Q. Do complex chains have a significant impact on meeting that 28-day deadline? 

Unfortunately, yes. Our own internal figures indicate that around a third of New Build property transactions are connected to a chain – putting that precious 28-day deadline into the hands of other conveyancers, who are often not able (or in some cases, not willing) to work their second-hand properties around developers’ tight timescales.

This situation is compounded by the current lack of buoyancy in the property market, as developers simply don’t have the luxury of being able to qualify out buyers caught up in complex chains – even though they aren’t conducive to meeting that 28-day deadline.

Q. Does the ‘Help to Buy’ scheme help or hinder New Build transactions?

Help to Buy Funding has undoubtedly had a material impact on the market and has been fantastic, particularly for First Time Buyers. However, the legal process is inconsistent and complicated in practice. The process for drawdown of the funding and subsequent repayment later can be primary causes of delay in conveyancing chains and more needs to be done to simplify and tighten turnaround times.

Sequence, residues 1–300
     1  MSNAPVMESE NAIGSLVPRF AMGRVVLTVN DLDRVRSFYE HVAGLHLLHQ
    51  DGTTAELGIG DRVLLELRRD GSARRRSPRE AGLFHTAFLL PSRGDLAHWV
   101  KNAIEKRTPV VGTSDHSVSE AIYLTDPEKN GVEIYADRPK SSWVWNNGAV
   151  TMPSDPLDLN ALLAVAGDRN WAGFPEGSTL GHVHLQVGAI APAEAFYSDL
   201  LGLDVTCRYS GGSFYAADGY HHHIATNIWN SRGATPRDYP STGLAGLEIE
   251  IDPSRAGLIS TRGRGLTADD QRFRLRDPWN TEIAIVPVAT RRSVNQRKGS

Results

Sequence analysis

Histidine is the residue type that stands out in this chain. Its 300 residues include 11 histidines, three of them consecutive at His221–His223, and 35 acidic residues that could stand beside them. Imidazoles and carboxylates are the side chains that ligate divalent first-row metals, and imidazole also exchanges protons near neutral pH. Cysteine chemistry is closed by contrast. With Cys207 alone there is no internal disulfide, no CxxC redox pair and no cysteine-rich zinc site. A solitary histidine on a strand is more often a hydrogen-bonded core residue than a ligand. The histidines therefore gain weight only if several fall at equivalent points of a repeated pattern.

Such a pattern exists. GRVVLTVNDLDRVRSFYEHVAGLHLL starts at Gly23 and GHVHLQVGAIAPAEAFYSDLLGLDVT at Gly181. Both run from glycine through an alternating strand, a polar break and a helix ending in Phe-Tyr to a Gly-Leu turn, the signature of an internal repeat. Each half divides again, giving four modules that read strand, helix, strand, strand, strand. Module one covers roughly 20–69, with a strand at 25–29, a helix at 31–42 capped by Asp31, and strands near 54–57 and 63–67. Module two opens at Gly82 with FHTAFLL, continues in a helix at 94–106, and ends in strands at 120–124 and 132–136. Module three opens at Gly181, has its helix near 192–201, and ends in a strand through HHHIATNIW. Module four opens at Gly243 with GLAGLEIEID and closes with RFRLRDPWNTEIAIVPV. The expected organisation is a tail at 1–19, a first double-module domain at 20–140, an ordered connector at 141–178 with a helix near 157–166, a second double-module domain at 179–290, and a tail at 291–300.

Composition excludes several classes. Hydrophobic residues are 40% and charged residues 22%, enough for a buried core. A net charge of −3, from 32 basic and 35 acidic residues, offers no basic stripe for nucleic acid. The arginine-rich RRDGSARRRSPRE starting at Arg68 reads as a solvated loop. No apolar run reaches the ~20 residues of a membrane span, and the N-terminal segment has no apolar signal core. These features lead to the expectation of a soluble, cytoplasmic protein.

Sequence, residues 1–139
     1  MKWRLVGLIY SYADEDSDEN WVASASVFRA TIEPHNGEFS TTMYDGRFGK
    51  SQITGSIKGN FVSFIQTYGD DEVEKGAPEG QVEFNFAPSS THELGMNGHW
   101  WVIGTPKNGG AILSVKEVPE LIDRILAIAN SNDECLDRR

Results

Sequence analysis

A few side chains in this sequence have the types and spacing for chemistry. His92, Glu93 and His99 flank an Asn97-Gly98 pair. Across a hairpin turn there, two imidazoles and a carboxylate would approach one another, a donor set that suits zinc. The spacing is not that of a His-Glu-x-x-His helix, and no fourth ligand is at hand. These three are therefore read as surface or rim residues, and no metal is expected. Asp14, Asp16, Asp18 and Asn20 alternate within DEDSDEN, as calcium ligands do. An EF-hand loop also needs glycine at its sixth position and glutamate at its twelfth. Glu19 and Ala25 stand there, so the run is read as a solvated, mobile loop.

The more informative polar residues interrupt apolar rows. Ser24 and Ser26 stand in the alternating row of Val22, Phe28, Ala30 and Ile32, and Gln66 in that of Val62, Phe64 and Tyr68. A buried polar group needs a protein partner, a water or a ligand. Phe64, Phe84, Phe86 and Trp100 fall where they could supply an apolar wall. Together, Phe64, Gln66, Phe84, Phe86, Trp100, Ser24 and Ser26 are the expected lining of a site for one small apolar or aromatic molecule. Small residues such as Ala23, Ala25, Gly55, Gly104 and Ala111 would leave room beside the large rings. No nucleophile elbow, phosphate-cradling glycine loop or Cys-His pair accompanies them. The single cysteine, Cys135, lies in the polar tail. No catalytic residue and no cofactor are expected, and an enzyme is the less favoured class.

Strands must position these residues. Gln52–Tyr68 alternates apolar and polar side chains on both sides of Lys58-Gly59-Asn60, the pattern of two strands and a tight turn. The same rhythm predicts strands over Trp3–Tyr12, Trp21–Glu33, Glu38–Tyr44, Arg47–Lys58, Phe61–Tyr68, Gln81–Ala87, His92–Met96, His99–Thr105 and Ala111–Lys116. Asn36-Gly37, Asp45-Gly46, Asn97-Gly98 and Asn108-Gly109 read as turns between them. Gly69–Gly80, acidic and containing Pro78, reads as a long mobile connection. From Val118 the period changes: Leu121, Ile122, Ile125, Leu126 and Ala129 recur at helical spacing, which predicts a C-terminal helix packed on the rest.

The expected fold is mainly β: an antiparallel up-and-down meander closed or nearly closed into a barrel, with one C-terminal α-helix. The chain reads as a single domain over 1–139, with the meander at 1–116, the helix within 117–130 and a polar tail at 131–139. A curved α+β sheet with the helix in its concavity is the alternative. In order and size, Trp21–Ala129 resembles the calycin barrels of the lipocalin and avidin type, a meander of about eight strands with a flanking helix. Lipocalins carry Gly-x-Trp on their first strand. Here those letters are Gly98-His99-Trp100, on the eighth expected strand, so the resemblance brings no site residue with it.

As the scheme was introduced in 2013, many people are now reaching the end of the 5-year interest-free period and wanting to pay off the loan by refinancing or moving up the property ladder. In chain transactions and where one party has a Help to Buy loan to repay, the process of obtaining a valuation and basing calculations on the original purchase price, coupled with the delays in turnaround times from the loan administrators, mean that there is little conveyancers can do to influence the position. Now is the time to look at the process to make it a better experience for buyers.

Q. The developer is often involved in progressing a New Build transaction. What difference does this extra party make?

In any given property transaction, there are many parties involved in progressing the sale to completion. However, for a New Build, there are even more, as the developer typically adds their own plot progressor into the mix.

If things aren’t going particularly smoothly, it’s also fairly common for the developer to put forward even more representatives – potentially a Sales Manager or even Director to monitor progress and help speed up the process.